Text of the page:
Letter 3 – Possibly Wandering Spider from Ecuador

brazilian wandering spider habitat

Dear Mike, This is really an interesting Spider, but other than to say it appears to be a hunting spider that does not build a web to entrap prey, we aren’t sure about its identity.  Many hunting spiders can jump quite well.  It looks very much like the spider in a posting in our archives, also from Ecuador, that we identified as possibly a Wandering Spider in the genus Phoneutria, a venomous and potentially dangerous genus .  The spotted legs on your individual look like the spotted legs on an individual in an image on Wikipedia of a Wandering Spider in the genus Phoneutria .  There are many images of Brazilian Wandering Spiders on Primal Shutter and we believe that might be a correct identification for your individual.

Thank you for the information.  After reading more about the spider, I’m glad it didn’t jump! Mike

Letter 4 – Possibly Wandering Spider from Ecuador

Possibly Wandering Spider

Dear Carl, We believe, though we are not certain, that this might be a Wandering Spider in the genus Phoneutria, and you may read more about Wandering Spiders on the Museum für Naturkunde Karlsruhe website where it states:  “There is no doubt that the venom of some of the species is quite potent for mammals, including humans.”  We eagerly welcome additional opinions on this identification.  Perhaps Cesar Crash of Insetologia can provide something.  In the future, please submit a single species per submission form as it makes it extremely difficult for us to categorize postings with multiple species.

Letter 5 – Wandering Spider from Belize

brazilian wandering spider habitat

Hi Karl, Thanks for allowing us to post your excellent image of a Wandering Spider, Cupiennius salei .  The species is pictured on iNaturalist .

Bugman

Bugman aka Daniel Marlos has been identifying bugs since 1999. whatsthatbug.com is his passion project and it has helped millions of readers identify the bug that has been bugging them for over two decades. You can reach out to him through our Contact Page .

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Piyushi Dhir

Piyushi is a nature lover, blogger and traveler at heart. She lives in beautiful Canada with her family. Piyushi is an animal lover and loves to write about all creatures.

8 thoughts on “Wandering Spider: All You Need to Know in a Nutshell”

Hi Michele, I am an Ecuadorian scientist and specialized on spiders, I would like to find one like yours, I can say that, almost without doubt, you found the Phoneutria itself, it is the Phoneutria fera, look at this picture: http://www.google.com/imgres?imgurl=http://4.bp.blogspot.com/-bFH9qzT0F7U/T_2sZuk6xAI/AAAAAAAAAGY/8jnMVcPOcNI/s1600/phoneutria_fera2.jpg&imgrefurl=http://rangerbaiano.blogspot.com/2012/07/animais-peconhentos-e-venenosos.html&usg=__iCWEz7S86xub6RAyvXTER6HBaco=&h=864&w=834&sz=215&hl=es-419&start=6&zoom=1&tbnid=jjOROVO9h-vKXM:&tbnh=145&tbnw=140&ei=99eRUY6xKo2K9QTLvYCoDQ&prev=/search%3Fq%3Dphoneutria%2Bfera%26sa%3DN%26hl%3Des-US%26sout%3D1%26tbm%3Disch%26prmd%3Divns&itbs=1&sa=X&ved=0CDYQrQMwBQ Can you see the similarities?, unfortunately the spider might be in a better life today 🙂 Another thing, when you want identifications you should take a picture in front, the under part, and the upper part, as well as some characteristics about behaviour like how they react when you approach. The Phoneutria is a very agressive one.. best wishes, bye.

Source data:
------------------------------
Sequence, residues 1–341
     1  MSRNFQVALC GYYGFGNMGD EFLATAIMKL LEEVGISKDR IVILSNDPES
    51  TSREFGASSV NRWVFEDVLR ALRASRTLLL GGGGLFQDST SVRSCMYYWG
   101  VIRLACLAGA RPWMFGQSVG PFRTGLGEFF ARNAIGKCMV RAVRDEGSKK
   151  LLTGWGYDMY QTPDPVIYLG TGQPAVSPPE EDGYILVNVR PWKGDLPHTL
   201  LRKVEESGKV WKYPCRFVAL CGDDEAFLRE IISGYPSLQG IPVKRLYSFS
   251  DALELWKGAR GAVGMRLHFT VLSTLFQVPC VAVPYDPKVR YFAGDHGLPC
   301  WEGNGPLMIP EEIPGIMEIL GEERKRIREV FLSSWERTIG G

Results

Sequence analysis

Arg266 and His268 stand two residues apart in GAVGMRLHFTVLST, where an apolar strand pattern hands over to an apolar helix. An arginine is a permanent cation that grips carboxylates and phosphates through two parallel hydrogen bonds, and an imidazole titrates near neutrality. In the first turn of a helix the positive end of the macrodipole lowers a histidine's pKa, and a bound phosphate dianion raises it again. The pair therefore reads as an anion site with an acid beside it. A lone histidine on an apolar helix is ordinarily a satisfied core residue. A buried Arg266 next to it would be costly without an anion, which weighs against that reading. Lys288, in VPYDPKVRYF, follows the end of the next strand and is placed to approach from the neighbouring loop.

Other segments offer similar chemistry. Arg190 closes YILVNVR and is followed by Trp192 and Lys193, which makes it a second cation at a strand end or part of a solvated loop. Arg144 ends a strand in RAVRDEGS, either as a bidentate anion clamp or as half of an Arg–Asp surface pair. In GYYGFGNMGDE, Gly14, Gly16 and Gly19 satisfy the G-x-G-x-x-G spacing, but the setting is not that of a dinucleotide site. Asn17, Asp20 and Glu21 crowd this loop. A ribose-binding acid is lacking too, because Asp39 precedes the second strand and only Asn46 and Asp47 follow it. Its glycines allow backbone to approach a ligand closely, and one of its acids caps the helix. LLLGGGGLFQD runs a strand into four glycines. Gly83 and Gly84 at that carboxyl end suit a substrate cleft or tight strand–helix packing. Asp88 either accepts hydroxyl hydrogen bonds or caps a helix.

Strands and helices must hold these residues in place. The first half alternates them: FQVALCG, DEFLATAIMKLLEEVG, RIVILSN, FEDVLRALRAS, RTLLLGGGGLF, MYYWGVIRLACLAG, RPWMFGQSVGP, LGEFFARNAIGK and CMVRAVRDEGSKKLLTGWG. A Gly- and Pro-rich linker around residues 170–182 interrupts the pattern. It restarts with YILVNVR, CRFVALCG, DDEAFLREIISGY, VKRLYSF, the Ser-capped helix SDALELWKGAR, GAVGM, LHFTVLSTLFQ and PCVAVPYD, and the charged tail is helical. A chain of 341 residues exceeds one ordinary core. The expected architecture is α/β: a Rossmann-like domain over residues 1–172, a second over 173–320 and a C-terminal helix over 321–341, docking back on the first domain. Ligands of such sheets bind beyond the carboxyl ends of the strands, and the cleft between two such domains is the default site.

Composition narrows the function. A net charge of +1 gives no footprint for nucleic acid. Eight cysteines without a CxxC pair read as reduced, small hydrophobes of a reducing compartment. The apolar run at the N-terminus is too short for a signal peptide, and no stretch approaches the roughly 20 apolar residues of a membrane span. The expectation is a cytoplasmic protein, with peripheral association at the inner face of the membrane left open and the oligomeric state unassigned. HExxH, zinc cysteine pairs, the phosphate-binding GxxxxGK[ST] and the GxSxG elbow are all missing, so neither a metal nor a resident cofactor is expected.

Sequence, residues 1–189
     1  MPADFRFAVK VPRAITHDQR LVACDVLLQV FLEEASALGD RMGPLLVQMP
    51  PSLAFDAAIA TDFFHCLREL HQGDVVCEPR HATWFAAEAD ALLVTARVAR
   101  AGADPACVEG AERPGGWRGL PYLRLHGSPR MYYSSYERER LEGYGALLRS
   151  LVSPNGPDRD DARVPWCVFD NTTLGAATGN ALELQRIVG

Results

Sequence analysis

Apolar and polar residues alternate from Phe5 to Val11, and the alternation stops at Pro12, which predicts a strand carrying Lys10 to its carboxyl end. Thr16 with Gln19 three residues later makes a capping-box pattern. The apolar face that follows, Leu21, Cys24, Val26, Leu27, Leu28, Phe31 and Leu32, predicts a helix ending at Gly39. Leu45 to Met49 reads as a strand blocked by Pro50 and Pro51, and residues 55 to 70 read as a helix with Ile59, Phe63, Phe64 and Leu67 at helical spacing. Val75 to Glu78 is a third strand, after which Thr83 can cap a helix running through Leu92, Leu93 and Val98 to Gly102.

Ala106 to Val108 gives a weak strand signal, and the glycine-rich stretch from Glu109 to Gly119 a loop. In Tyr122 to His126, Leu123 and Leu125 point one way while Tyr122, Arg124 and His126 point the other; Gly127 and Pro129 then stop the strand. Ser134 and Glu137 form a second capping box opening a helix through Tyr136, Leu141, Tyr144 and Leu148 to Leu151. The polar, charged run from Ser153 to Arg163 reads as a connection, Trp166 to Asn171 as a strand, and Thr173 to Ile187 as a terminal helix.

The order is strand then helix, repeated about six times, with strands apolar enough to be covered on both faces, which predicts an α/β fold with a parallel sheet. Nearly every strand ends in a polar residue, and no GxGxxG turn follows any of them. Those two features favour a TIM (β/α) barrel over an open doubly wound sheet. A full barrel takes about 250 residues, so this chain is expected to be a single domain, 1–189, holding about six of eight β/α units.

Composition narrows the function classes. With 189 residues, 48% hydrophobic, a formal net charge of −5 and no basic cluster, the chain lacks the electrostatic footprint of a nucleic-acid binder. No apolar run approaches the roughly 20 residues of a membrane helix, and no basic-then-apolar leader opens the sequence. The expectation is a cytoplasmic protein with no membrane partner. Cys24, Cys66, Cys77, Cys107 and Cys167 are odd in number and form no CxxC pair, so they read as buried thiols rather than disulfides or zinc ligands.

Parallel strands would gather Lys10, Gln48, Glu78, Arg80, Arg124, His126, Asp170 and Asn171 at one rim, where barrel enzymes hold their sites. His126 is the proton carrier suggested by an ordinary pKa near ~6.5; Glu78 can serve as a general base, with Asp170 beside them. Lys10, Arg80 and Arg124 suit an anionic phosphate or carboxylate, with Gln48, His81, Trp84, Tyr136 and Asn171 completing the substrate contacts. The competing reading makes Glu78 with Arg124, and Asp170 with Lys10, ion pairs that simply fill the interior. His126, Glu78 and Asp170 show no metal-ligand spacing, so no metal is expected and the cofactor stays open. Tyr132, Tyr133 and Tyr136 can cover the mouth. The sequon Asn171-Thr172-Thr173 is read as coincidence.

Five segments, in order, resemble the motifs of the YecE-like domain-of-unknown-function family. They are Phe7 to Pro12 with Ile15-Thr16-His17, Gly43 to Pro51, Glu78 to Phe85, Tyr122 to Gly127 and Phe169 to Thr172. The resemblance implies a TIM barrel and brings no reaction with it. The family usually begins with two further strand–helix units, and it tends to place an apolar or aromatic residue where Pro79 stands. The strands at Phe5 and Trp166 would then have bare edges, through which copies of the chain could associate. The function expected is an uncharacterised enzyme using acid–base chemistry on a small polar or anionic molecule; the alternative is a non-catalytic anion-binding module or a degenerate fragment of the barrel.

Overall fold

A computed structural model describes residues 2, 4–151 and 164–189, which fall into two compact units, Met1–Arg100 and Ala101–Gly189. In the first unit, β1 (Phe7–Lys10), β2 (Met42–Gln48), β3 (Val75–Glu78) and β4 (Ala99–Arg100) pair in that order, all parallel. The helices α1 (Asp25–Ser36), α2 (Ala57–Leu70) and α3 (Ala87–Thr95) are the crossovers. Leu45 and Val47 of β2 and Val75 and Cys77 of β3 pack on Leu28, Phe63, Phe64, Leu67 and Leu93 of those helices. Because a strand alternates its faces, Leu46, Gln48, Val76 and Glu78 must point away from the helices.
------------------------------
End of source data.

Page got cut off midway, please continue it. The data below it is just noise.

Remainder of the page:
Hi Miguel, Thanks so much for the comment. This is a seven year old posting and we did not have the ability to post comments when it was originally posted online. We have made an update on What’s That Bug? and your comment is greatly appreciated.

Ah, there is also needed the size and the picture of its face so we can see the eye arrangement, depending on that it could also be pisauridae, but I stay in Ctenidae..

This is a female Cupiennius sp. wandering spider.

Perhaps surprisingly, this ubiquitous large spider of the Mindo area appears to be undescribed to species level.

Although one is indeed best advised to exercise caution in the presence of large ctenids, members of the genus Cupiennius are not known to be dangerously venomous (Barth, 2002). By way of confirmation, my girlfriend, Shannon Bowley, managed to be bitten by a mature female of this Mindo species in 2013 – she felt only mild effects, equivalent to a bee sting.

Thanks for this valuable information.

I’m planning a trip to Ecuador and I’m fearing these spiders. Do they get in houses? Any tips to keep them out, so I can sleep at night?

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AnimalBehaviorCorner

AnimalBehaviorCorner

Brazilian Wandering Spider-AnimalBehaviorCorner

Brazilian Wandering Spider

brazilian wandering spider habitat

Brazilian Wandering Spider , scientifically known as Phoneutria, emerges as a captivating enigma in the realm of arachnids.

Renowned for its formidable reputation as one of the world’s most venomous spiders , Phoneutria embodies a plethora of intriguing traits that have captured the curiosity of enthusiasts and researchers alike.

From its distinctive appearance and neurotoxic venom to its nomadic hunting strategies and unique mating behaviors , this remarkable spider species holds a wealth of fascinating secrets waiting to be unraveled.